BikeCommuters.com

technology

Need to carry a suit? Here’s a product for you

There’s a lot of Eurobike coverage all over the web right now…tons of new bikes and parts being revealed in advance of our own Interbike visit in a few weeks.

Almost all the coverage I’ve seen has been racing-oriented — new race bikes, new racing kit, new racing components. What about us commuters? What’s new for us?

One thing that DID catch our eye, thanks to the good folks at Bike Biz, is a clever new way to deal with fancy work duds. Do you happen to work in an office where formal attire is required? Struggling to juggle your bike commute and your need to wear a suit? Enter the Freefold:

Presumably, the Freefold works on business suits/attire for men AND women.

There are a couple of kludgy bags on the market now that purport to make suit-carrying easy…and while they work adequately, this Freefold system seems very simple and VERY versatile (you can fit the folded assembly into any messenger bag, backpack, or pannier). This might be just the thing suit-wearers have been looking for!

We’re going to reach out to the Freefold people and see if we can run into them at Interbike. Who knows, we might be able to score a test version to show you.

New Bike Doctor app guides you through bicycle repairs

Here’s a cool one for you smartphone users — our friend Andreas over at London Cyclist just released “Bike Doctor”, an app for iPhone, iPad and Android devices. This app guides users through over 40 of the most common bicycle repairs:

Bike doc promo image showing it on different devices

Read about its development by visiting the London Cyclist page, go to Google Play or the iTunes Store to download the app, or take a look at the video below to see how it all works. The app price is $2.87 USD.

Friday Musings: Would you ride…uh, FLY these?

Here are a couple of oddities that popped up in the Google News feed recently. The first is an experimental bike by the Czech manufacturer Duratec:

More information is available here.

The second is a project developed by two British creators. Dubbed the Paravelo, it’s a bike/plane hybrid:

More information on the Paravelo can be found here.

Now, the big questions: Would you ride these things? Are flying bikes the future of two-wheeled commuting?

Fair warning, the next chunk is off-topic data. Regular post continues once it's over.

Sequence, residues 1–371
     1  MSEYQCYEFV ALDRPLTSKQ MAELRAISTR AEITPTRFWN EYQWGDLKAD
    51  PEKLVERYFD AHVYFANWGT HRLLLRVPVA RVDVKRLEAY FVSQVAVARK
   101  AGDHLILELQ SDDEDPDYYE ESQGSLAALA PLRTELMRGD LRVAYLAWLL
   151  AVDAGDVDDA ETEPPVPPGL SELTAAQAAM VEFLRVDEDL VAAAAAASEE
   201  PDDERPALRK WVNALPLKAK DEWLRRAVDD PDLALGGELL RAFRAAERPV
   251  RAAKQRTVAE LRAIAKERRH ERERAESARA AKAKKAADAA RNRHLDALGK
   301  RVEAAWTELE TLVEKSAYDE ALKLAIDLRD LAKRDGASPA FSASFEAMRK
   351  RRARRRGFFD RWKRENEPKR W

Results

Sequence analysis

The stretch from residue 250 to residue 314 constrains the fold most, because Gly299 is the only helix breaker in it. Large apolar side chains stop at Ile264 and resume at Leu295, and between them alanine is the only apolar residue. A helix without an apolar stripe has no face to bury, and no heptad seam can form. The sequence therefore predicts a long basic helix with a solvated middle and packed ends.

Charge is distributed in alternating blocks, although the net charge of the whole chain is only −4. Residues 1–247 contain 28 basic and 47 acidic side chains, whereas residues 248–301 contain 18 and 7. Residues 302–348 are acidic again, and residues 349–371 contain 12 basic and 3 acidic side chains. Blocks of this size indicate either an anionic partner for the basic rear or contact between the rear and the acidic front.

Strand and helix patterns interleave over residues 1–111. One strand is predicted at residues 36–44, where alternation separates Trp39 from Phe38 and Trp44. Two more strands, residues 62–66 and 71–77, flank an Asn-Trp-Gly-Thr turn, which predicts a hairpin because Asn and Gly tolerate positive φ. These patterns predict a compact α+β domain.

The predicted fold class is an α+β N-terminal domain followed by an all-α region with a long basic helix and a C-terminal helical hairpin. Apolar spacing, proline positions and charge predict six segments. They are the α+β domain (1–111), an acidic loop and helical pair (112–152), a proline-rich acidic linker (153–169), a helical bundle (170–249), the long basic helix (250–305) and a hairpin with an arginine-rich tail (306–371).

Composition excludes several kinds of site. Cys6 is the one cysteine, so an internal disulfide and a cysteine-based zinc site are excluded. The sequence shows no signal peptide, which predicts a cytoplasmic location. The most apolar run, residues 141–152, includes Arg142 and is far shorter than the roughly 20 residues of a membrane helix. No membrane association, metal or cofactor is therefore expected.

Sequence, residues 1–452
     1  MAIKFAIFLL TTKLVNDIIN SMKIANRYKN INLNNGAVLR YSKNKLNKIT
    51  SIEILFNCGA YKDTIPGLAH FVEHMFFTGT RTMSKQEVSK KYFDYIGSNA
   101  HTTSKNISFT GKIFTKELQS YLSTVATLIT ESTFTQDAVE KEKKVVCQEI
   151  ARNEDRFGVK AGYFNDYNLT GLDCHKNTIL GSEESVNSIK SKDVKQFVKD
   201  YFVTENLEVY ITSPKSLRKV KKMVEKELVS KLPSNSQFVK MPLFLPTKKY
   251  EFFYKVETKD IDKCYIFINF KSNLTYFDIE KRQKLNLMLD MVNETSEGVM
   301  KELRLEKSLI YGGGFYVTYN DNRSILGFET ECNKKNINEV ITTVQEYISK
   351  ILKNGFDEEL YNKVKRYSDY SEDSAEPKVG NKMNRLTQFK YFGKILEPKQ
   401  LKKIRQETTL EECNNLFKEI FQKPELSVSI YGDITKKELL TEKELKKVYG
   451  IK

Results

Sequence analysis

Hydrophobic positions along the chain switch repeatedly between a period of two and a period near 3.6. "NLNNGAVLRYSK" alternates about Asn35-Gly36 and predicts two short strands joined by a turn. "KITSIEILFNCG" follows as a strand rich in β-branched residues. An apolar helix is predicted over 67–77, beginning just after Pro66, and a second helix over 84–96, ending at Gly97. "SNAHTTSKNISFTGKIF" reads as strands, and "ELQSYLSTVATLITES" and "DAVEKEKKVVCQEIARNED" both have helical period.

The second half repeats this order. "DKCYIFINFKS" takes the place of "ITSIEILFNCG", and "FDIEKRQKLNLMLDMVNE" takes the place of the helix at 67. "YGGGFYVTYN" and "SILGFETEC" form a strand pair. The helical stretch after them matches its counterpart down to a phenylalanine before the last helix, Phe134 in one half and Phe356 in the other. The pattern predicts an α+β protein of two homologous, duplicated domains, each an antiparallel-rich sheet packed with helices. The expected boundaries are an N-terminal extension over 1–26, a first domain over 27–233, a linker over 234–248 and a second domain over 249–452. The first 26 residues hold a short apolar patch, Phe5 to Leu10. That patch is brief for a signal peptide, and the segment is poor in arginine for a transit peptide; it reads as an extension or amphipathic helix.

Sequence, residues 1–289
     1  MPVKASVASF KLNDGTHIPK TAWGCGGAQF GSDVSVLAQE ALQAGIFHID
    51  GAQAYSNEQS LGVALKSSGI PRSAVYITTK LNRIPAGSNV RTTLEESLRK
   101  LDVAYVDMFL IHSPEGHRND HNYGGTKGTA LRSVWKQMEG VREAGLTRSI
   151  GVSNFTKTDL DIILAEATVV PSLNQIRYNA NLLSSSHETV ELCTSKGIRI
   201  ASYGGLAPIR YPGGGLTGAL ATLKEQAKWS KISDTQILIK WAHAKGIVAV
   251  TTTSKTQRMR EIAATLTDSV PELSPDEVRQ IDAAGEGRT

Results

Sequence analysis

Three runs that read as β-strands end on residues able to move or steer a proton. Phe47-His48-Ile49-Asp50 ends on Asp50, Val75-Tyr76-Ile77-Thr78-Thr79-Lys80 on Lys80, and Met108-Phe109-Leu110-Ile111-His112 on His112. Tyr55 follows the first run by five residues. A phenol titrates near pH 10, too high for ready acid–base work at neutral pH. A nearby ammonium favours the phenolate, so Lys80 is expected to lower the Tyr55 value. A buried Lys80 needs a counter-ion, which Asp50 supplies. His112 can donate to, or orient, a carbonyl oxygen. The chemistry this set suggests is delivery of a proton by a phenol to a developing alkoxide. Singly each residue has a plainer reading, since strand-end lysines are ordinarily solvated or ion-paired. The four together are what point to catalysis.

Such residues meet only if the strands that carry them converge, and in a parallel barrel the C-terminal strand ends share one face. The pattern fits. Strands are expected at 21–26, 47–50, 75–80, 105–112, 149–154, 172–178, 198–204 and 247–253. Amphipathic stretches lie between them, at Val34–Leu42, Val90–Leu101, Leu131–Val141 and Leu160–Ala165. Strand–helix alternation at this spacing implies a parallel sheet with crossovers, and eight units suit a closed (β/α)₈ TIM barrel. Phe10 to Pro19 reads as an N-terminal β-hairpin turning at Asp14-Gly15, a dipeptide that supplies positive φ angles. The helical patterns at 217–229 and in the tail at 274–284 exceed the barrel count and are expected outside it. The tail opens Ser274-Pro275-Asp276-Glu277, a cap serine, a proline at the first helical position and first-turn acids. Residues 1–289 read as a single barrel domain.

Hiccups in NYC’s new CitiBike bike share scheme

You may remember that NYC launched their huge (and long overdue) CitiBike bike share over the Memorial Day weekend. Mostly, good things are being said about it. However, all is not rosy in the Big Apple, as Felix Salmon reports for Reuters that there appears to be a sizeable software issue:

The answer, it seems, is that it does work; it just doesn’t work very well. Or, to be a bit more precise, when it works, it works fabulously. But when it doesn’t work — which is all too often — it doesn’t work at all.

He goes on to state:

I’m not certain, however, that Alta and PBSC [the contract holders] are on top of this problem and know how they’re going to fix it. They’ve had an extra year to get this right, but if the app doesn’t know when a station isn’t working, my guess is that the system as a whole doesn’t know that either. And that’s going to be hard to fix. What’s more, if there’s some kind of failsafe mechanism which shuts down an entire station when some reasonably common thing happens, that mechanism is likely baked into the system and will also be hard to patch with some kind of simple software update.

Read the full article by visiting the Reuters page.

At least one group is doing something about the outages…not to fix them, but to at least monitor them and alert users which docks are working. WNYC reports that:

Ten months ago, when Mayor Bloomberg announced Citi Bike would be delayed, he explained why: “The software doesn’t work. Duh,” he said on his weekly radio show. “Until it works, we’re not going to put it out until it does work.” Two weeks after the system launched, complaints of software failures are rife. And though the city refuses to release specific information on outages, a WNYC analysis indicates on any given day, about ten percent of docks have been failing.

Moreover, the city had ample warning the software was buggy — and launched anyway.

Luckily, they got the data on those stations and developed a real-time map that shows the stations and outages:

We love the idea of bikeshare schemes, and hope that CitiBike figures out the problems in a timely fashion. New York City can really use this bike share, and the system there is expected to grow rapidly over the next years — if they can get over their teething pains and straighten things out.

Handleband for your phone, light, or GPS

Here’s one that caught our eye recently — a unique mounting system for most smartphones. If you follow bike-accessory developments like we do, you may have noticed that there are a ton of mounts available for the ubiquitous iPhone. What about those of us who don’t have/use/care about iPhones, and prefer an Android-based environment? Not nearly as many choices on the market…and we know, because the entire staff here at Bikecommuters.com is iPhoneless. We have to pass up so many mounting devices to test that it would make your head spin!

Enter the Handleband, a simple strap system to mount virtually whatever you want onto your handlebar:

handleband

According to the product website:

(1) In use, it is smaller than a deck of cards.
(2) It is removable (so it doesn’t clutter your ride)
(3) It works with any phone, bike and case.
(4) It is simple and robust. (One reinforced unit)
(5) It holds a lot (flashlights, pumps, diplomatic flags)
(6) It is a bottle opener.

Currently in pre-order phase on Kickstarter, we’ve been promised a review sample just as soon as one becomes available. Stay tuned for that in the coming weeks.

And yeah, it works for iPhones, too.